Last year, I stepped down from the BCSTA Board of Directors and did not run. When I look back at my blog entry, Trajectory, it was not an easy decision then. I took the year off from the BCSTA Board of Directors and took other things off my plate so that I could finish my dissertation and deliberate what would be next for me. I needed to create some space for me to complete my doctoral work and make space for what’s next. I am proud to have completed my dissertation. I successfully defended my research on August 17, 2017 (while teaching EDUC 454 that term) and walked across the stage at convocation on Friday, October 6, 2017 (after I taught my morning class of EDUC 471) at SFU. I ended the fall term by starting the new year with a trip to Honolulu, HI to present my dissertation and two other studies at the Hawaii International Conference on Education. It was a memorable experience and excellent capstone to my academic achievements.
After Hawaii, the spring term started slow. I was not teaching at the university and I had not established full-time employment as an academic. I had considered returning to K-12 but did not feel that it was the right fit for me. That said, I am very thankful to continue my research and academic writing as an affiliate scholar at the Centre for the Study of Educational Leadership and Policy (CSELP) as part of my post-doctoral experience. I am currently working with a school district looking at communicating student learning and effective reporting practices, I am working on being published with my research partner Dr. Daniel Laitsch, and I am also working on some independent writing. With this work, I am reminded of my 5 core values: (1) integrity and truth; (2) self-respect and pride in my work; (3) having a positive impact on society and others; (4) using creativity, imagination, and being innovative; and (5) autonomy, independence, and freedom. I am aligned.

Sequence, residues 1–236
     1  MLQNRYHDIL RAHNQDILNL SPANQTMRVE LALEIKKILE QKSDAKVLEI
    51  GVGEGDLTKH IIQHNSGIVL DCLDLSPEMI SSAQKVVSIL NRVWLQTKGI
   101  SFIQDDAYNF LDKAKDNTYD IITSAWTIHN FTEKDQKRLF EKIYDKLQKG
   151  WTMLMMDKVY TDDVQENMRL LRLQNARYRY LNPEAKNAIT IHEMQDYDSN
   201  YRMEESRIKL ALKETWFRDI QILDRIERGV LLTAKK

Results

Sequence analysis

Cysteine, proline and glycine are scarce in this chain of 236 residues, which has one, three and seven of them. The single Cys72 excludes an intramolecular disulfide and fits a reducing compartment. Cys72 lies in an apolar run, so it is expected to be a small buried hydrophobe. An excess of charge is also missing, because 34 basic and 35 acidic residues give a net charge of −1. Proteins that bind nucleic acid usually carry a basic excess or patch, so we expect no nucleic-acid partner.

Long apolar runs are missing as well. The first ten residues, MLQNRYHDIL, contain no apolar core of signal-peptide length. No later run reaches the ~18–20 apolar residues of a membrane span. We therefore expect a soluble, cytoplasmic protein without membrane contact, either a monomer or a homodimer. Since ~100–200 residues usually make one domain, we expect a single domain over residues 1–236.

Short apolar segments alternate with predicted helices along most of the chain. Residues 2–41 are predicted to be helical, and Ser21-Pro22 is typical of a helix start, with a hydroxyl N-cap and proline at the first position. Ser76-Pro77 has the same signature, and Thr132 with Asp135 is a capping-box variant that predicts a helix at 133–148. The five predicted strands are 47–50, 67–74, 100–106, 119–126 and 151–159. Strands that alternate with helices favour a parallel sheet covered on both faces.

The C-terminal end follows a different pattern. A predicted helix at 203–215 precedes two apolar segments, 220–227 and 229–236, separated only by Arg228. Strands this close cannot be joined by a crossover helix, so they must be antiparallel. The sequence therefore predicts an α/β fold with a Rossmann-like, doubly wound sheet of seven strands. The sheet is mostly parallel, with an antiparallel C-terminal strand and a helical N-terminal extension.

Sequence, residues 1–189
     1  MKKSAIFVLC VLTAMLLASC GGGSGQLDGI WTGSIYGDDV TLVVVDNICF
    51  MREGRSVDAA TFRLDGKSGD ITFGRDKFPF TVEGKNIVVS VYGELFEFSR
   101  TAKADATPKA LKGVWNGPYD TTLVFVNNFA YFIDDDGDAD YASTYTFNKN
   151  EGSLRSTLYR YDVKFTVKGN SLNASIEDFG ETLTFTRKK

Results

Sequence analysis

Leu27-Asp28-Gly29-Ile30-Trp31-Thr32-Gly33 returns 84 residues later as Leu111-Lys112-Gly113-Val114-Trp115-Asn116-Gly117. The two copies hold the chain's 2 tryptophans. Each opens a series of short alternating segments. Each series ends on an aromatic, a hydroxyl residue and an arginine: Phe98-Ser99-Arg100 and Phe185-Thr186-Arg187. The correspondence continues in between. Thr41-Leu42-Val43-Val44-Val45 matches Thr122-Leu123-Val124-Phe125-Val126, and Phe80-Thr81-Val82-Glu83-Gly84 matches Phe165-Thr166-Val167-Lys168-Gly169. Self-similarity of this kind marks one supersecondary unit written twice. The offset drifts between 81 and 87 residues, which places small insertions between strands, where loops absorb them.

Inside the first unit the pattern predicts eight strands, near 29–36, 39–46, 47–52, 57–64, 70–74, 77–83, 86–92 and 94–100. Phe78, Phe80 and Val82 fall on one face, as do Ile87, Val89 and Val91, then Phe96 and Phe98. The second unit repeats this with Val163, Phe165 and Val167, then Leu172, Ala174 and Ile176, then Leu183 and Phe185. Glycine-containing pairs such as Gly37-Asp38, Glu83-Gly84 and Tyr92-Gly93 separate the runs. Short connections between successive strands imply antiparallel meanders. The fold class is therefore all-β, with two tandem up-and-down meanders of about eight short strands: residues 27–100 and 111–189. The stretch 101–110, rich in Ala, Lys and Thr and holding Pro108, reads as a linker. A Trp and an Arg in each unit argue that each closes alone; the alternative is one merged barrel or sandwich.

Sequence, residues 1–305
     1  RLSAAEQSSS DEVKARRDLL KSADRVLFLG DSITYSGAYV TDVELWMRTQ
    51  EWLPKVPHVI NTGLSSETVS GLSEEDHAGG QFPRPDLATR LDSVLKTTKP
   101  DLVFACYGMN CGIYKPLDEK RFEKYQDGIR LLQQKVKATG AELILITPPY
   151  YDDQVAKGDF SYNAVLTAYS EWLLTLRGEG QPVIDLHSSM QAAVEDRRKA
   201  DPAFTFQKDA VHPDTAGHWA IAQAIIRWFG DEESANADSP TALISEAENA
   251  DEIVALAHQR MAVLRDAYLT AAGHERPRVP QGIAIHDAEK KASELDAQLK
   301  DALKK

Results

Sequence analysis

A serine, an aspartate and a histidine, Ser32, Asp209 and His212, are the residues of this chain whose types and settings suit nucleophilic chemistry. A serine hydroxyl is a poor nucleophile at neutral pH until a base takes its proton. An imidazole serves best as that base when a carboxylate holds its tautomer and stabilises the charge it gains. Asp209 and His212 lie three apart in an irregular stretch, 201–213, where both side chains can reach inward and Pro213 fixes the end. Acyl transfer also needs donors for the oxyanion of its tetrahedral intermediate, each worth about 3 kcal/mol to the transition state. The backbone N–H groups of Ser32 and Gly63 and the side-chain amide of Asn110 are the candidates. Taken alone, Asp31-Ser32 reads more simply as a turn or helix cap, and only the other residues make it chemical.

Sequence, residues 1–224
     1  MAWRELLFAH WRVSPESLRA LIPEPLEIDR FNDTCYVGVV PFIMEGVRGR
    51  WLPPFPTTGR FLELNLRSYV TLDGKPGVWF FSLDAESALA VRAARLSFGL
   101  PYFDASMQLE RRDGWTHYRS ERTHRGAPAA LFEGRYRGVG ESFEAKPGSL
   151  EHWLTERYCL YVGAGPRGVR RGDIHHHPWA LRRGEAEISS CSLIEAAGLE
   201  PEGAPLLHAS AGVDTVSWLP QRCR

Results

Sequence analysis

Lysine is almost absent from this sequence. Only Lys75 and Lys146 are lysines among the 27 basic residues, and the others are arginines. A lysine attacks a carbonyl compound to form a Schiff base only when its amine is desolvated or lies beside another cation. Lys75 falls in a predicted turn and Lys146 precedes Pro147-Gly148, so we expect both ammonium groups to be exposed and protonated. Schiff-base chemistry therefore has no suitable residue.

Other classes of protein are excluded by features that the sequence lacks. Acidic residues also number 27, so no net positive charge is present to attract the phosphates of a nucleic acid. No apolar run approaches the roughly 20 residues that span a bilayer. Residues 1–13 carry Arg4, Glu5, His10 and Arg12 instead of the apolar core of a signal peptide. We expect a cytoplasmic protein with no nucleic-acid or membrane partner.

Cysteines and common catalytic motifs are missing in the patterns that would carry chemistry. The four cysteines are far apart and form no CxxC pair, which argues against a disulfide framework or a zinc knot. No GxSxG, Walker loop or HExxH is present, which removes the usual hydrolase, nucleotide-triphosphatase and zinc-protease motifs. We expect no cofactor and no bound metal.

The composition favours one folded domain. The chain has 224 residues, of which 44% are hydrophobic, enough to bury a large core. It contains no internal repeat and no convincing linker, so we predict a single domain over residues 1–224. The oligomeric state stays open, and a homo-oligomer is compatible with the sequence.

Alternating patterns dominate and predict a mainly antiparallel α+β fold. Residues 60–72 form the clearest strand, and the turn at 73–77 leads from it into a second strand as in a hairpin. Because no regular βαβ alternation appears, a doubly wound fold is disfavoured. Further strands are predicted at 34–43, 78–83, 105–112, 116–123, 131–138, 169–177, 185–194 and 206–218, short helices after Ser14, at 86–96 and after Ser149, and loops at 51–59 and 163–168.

I believe in serendipity where things happen for a reason. Last month, my mom passed away. I believe that it was suppose to be a “light term” for better or worse so that I could spend time with my mom in her final days. I had the luxury of being by her side almost full-time along with my brother, sister, and dad. I have no words to express my gratitude that I was able to spend this time with her, to take care of her, and to love her. I miss her deeply. I have no regrets of not running for BCSTA last year. Everything happened as it was suppose to be. Now that I have turned the page on my dissertation and looking forward to what’s next, I am following my intuition, my heart, and my passion in BC public education. I am an educator, researcher, and school trustee. I am an advocate of BC public education and believe that boards of education are integral to the success of students in BC public schools. I am announcing that I am running for BCSTA president.
Written by Christine Younghusband, March 24th, 2018 | No Comments »